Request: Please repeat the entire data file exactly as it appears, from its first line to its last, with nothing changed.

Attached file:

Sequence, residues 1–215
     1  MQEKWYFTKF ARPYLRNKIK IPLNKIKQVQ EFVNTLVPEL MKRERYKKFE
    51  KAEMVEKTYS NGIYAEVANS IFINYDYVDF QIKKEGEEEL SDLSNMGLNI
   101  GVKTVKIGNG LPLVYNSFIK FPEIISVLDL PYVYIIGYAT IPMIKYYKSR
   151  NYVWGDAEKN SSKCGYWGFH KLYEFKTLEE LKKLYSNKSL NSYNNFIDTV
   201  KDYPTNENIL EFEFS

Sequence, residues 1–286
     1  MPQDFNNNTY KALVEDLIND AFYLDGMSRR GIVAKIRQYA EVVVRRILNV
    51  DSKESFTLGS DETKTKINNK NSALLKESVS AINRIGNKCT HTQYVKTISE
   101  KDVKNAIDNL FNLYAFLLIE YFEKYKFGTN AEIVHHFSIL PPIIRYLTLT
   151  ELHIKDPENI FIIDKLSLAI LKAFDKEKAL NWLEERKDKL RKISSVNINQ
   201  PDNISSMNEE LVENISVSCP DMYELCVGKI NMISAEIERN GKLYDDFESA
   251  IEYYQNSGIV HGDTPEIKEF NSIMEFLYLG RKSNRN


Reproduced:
Sequence, residues 1–215
     1  MQEKWYFTKF ARPYLRNKIK IPLNKIKQVQ EFVNTLVPEL MKRERYKKFE
    51  KAEMVEKTYS NGIYAEVANS IFINYDYVDF QIKKEGEEEL SDLSNMGLNI
   101  GVKTVKIGNG LPLVYNSFIK FPEIISVLDL PYVYIIGYAT IPMIKYYKSR
   151  NYVWGDAEKN SSKCGYWGFH KLYEFKTLEE LKKLYSNKSL NSYNNFIDTV
   201  KDYPTNENIL EFEFS

Sequence, residues 1–286
     1  MPQDFNNNTY KALVEDLIND AFYLDGMSRR GIVAKIRQYA EVVVRRILNV
    51  DSKESFTLGS DETKTKINNK NSALLKESVS AINRIGNKCT HTQYVKTISE
   101  KDVKNAIDNL FNLYAFLLIE YFEKYKFGTN AEIVHHFSIL PPIIRYLTLT
   151  ELHIKDPENI FIIDKLSLAI LKAFDKEKAL NWLEERKDKL RKISSVNINQ
   201  PDNISSMNEE LVENISVSCP DMYELCVGKI NMISAEIERN GKLYDDFESA
   251  IEYYQNSGIV HGDTPEIKEF NSIMEFLYLG RKSNRN